Boeing 737 MAX crisis: a difficult return to the skies (Part V)
This article was first published on AeroTime News on October 4, 2019. Information added at the bottom of the article.
If you have missed the fourth part of the timeline, check it out here:
Back in 2011, time and money were of the essence for Boeing. As Airbus came out with the A320neo, Boeing’s management made the decision to act fast and, for competitive reasons, simplistically. Instead of developing a new narrow-body that would have competed with the re-engined Airbus A320, the American manufacturer decided to follow in Airbus‘ footsteps and also slap on new engines on their star, the 737. Yet times changed, as safety requirements and systems did so as well. But for the 737 MAX to stay competitive, Boeing decided to introduce minimal changes to the aircraft.
The A320 made its commercial debut in 1988 and with it, brought a revolution inside the cockpit – fly-by-wire systems and a side-stick changed the way pilots were controlling aircraft. The Boeing 737, while a very robust and reliable airframe, was old. It made its commercial debut in 1968 with Lufthansa, making it a 43-year-old frame in 2011. Bobby, as Lufthansa nicknamed the 737 in 1968, was already re-engined three times before the MAX. The newest 737 brought exceptionally great operating economics for airlines, yet in terms of technology inside the cockpit – it had an empty hand. That bluff of cards seemingly paid off, at least in the short-term.
Two years later after the Boeing 737 MAX first made its commercial debut with Malindo Air, the industry is debating when the aircraft will return to service after two fatal crashes claimed the lives of 346 people. The short-term gamble, which made the MAX the “fastest-selling airplane in Boeing history”, backfired. Where money was saved prior to commercial entry, more money was lost after the type was forced to sit on the ground.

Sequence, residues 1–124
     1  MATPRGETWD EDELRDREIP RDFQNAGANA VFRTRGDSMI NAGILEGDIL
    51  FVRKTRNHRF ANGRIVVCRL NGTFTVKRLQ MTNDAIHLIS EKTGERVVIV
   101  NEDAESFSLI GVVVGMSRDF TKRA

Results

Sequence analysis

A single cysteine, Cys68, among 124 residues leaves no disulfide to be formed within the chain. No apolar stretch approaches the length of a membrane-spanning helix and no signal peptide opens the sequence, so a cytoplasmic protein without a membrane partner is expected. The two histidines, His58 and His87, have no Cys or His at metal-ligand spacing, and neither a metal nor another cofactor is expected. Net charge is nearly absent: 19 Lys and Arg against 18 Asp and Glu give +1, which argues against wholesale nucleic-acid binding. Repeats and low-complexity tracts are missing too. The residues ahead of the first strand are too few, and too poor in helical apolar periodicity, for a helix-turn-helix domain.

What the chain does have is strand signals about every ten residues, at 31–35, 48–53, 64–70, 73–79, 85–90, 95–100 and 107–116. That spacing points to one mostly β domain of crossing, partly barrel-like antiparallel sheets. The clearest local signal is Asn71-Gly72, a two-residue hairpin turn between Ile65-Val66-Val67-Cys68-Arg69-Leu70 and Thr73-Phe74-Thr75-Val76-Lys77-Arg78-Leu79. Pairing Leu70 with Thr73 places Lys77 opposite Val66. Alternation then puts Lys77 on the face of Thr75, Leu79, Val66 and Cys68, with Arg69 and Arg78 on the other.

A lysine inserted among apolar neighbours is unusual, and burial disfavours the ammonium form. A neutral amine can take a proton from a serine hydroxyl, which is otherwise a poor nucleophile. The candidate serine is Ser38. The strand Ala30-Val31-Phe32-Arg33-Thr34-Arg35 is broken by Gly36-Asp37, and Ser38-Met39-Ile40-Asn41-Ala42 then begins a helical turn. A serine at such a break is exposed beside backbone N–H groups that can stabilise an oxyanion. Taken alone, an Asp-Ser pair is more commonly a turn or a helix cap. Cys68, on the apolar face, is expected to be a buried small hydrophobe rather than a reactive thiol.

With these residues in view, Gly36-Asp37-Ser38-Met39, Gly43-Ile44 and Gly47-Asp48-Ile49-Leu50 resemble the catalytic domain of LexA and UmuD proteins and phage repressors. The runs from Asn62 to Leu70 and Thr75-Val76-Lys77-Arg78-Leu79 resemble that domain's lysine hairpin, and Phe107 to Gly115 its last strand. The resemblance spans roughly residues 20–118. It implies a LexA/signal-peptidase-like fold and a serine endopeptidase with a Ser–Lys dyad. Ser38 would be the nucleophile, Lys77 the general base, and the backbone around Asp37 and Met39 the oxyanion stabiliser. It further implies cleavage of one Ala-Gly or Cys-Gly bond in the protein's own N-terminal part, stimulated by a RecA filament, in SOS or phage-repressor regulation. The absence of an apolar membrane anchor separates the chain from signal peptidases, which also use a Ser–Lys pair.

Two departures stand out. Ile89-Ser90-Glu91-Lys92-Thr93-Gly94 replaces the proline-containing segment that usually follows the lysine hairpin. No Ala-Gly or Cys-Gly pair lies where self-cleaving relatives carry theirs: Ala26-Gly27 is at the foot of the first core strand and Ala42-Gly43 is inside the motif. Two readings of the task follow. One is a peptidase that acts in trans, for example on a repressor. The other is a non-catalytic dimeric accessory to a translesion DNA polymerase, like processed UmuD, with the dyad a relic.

But together with time, the company has changed, at least according to Boeing. The manufacturer has established a “permanent Aerospace safety Committee”, whose main responsibility will be to overlook the “safe design, development, manufacture, production, operation, maintenance and delivery” of any future Boeing products.
Yet the biggest problems are with a product that the company has already released.
Asking for exceptions
Documents, obtained by The Seattle Times, showcased that Boeing argued against some of the requirements about critical safety alerts on board, asking the Federal Aviation Administration (FAA) to make an exception to some of its rules. The requirements, outlined as Flightcrew alerting, amongst many, mandated that:
1. Alerts must abide a prioritization hierarchy. At the bottom of the list are advisory alerts – they help “increase flight crew awareness“ under certain conditions.
2. Warning and caution alerts must, coupled with two more requirements, “provide a timely attention getting cues”, communicated via “at least two different senses”, combining “aural, visual or tactile indications”.
3. The alert function must “minimize the effects of false and nuisance alerts” and they must prevent signals that are “inappropriate or unnecessary”.
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